The Cambridge Illustrated Atlas of Warfare: The Middle Ages, 768-1487

The Cambridge Illustrated Atlas of Warfare: The Middle Ages, 768-1487

by Nicholas Hooper, Matthew Bennett

Hardcover(New Edition)

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Overview

Warfare in the Middle Ages is often characterized as being dominated by lone, heroic knights or enormous mobs of plodding infantry. In this colorful and informative book, authors Hooper and Bennett debunk many of the myths surrounding medieval warfare to present a picture of a military culture as sophisticated as our modern one, with well organized armies and a high degree of tactical intelligence. The authors make their case by masterful use of high-quality maps, battle plans, and pictorial essays that explore such topics as siege warfare, the use of cavalry, the development of naval warfare, medieval science and warfare, and the legacy of the Middle Ages in modern military warfare. The Atlas spans the period from the coronation of Charlemagne to the last of the English Wars of the Roses and covers campaigns in and around Europe and the Mediterranean. The illustrations depict all levels of warfare from the strategic campaigns down to individual battles, fortifications, and weaponry. The lucid narrative that accompanies the pictures explains the course of campaigns and lessons to be learned from them. This book is written for the general reader with an interest in the history of warfare.

Product Details

ISBN-13: 9780521440493
Publisher: Cambridge University Press
Publication date: 01/28/1996
Series: Cambridge Illustrated Atlases Series
Edition description: New Edition
Pages: 192
Product dimensions: 9.25(w) x 11.34(h) x 0.71(d)

Table of Contents

Part I. The Crucible of Europe: 1. The wars of Charlemagne; 2. The Vikings in the ninth century; 3. Tenth-century kingdoms: the growth of England, Germany, and France; 4. The Danish conquest of England 980–1010; Part II. Western Europe in the Eleventh to the Thirteenth Centuries: 5. The Norman conquest of England; 6. The Angevin empire 1154–1217; 7. The German empire under Frederick Barbarossa 1152–1190; 8. Thirteenth-century eastern Europe and the Mongols; 9. Thirteenth-century English civil wars; 10. England and the Celtic fringe: colonial warfare; Part III. Expanding Europe: the Crusades: 11. The Reconquista and the Normans in the Mediterranean c.1050–1150; 12. The First Crusade; 13. The Latin states in the Holy Land; 14. The resurgence of Islam and the Third Crusade; 15. The Latin conquest of Constantinople 1201–1311; 16. Spain and France in the thirteenth century; 17. The Crusades in Africa in the thirteenth century; Part IV. Europe Divided: The Fourteenth and Fifteenth Centuries: 18. The Hundred Years' War: the fourteenth century; 19. Italy and the Mediterranean arena c.1350–1480; 20. The Hundred Years' War: the fifteenth century; 21. The Hussite Wars and the later Crusades; 22. The Wars of the Roses 1452–1487; 23. The army and campaigns of Charles the Bold of Burgundy c.1465–1477; 24. A military revolution?; Appendix: theory and practice of warfare; Glossary; Further reading; Chronology; Index-gazetteer.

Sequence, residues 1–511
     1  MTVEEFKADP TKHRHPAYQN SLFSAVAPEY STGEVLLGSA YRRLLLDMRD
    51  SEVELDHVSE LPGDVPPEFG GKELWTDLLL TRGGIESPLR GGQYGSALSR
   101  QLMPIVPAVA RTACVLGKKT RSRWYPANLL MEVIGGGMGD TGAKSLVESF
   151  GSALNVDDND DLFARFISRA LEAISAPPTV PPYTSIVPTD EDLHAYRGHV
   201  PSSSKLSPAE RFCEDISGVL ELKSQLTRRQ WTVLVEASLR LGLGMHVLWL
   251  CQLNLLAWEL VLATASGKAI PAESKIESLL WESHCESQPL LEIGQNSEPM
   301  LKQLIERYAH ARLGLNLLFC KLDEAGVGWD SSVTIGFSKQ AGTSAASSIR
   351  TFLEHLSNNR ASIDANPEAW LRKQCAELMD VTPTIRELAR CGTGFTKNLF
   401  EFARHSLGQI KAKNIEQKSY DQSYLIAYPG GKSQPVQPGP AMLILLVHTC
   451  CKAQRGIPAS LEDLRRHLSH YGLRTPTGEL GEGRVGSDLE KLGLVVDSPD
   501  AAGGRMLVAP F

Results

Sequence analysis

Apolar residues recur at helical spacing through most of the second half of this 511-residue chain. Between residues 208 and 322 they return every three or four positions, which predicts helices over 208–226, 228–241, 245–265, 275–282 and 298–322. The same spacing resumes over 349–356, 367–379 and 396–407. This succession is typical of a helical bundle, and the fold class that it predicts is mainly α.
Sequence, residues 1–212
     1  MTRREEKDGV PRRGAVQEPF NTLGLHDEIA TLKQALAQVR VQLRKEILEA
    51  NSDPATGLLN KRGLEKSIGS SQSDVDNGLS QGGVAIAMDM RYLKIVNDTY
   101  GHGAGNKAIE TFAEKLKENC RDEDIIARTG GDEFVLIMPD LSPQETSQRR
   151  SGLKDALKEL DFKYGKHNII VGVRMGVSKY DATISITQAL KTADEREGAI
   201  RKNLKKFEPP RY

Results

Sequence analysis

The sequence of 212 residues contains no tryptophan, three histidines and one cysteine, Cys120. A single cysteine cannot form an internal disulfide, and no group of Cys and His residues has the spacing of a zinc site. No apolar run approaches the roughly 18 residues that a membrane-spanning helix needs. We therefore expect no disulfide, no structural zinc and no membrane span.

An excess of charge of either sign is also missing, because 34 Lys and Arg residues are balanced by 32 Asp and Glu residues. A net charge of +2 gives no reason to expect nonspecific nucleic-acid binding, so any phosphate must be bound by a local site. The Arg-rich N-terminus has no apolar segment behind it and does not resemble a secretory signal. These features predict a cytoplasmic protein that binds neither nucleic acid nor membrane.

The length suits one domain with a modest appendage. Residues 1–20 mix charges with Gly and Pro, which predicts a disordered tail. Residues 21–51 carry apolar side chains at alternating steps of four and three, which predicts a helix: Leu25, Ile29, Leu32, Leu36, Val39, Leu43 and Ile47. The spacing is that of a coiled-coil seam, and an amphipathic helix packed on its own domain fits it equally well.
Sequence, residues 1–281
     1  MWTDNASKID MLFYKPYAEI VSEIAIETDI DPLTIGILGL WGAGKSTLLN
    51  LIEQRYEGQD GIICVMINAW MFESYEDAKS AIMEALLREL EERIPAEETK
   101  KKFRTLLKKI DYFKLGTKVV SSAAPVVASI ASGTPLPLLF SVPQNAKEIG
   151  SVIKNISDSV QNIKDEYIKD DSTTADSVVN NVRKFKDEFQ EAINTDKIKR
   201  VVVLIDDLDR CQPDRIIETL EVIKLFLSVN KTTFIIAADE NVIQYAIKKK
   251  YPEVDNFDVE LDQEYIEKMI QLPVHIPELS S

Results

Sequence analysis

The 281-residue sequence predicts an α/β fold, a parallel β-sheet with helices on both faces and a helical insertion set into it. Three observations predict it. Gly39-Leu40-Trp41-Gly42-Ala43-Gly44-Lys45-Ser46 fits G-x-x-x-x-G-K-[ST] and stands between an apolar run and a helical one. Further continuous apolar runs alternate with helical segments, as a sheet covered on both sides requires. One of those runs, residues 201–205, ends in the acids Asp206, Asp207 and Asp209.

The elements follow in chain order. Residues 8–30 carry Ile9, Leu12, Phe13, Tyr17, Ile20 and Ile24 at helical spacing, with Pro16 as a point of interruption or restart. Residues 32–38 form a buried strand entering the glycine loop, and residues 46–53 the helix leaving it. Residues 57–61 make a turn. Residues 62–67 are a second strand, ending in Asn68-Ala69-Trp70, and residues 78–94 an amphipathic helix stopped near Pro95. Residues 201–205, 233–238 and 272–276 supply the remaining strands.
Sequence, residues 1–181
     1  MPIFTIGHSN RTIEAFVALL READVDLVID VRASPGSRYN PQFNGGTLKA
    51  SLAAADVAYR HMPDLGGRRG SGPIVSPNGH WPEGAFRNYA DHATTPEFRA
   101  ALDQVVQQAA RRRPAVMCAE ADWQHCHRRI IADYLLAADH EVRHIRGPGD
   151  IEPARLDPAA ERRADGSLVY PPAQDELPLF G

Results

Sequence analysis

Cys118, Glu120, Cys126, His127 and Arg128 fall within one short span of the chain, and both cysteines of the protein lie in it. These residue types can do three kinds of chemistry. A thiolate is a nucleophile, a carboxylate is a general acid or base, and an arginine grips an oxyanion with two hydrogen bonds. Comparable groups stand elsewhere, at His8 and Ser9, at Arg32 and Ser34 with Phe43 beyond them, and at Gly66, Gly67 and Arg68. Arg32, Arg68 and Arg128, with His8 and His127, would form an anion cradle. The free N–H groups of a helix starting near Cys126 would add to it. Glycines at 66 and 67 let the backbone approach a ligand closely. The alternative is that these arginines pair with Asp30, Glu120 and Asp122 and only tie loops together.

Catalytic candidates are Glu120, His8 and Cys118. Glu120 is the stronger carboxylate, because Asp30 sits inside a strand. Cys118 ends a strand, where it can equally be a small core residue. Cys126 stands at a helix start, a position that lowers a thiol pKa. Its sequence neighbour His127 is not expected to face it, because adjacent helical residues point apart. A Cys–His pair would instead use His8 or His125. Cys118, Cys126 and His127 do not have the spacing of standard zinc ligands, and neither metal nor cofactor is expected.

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The Cambridge Illustrated Atlas of Warfare: The Middle Ages, 768-1487 3 out of 5 based on 0 ratings. 1 reviews.
Poleaxe on LibraryThing More than 1 year ago
I don't usually make it a habit to read dictionaries or encyclopedias, or even atlases, but since the subject of this book was Medieval warfare I assumed that I would find it somewhat informing and entertaining, at least, to me. It fills the role of "atlas" quite well, providing the reader plenty of maps and a chronology of warfare, along with the many advancements of warfare during the period.It would be hard to label this book as some sort of "required" reading for the student or enthusiast as all of the information contained wherein can be found in many other, and better, sources. Still, it is not a wast of time reading it.I found the first couple of sections of the book rather tedious and boring, but as the study advanced to post 1066 it seemed to settle down into a comfortable rhythm and dispensed with the tedium of date and place regurgitation. I found the last section, "The Theory and Practice of Medieval Warfare", very interesting. It quickly covered topics such as arms and armor, military manuals, naval warfare and seige warfare, The most striking thing I noticed about this book was its lack of useful illustrations. The maps were extremely "busy" and really not worth the effort. The photo inserts were in many cases very small, hard to make out, and quite useless. Overall, coffee table material to be read, not browsed.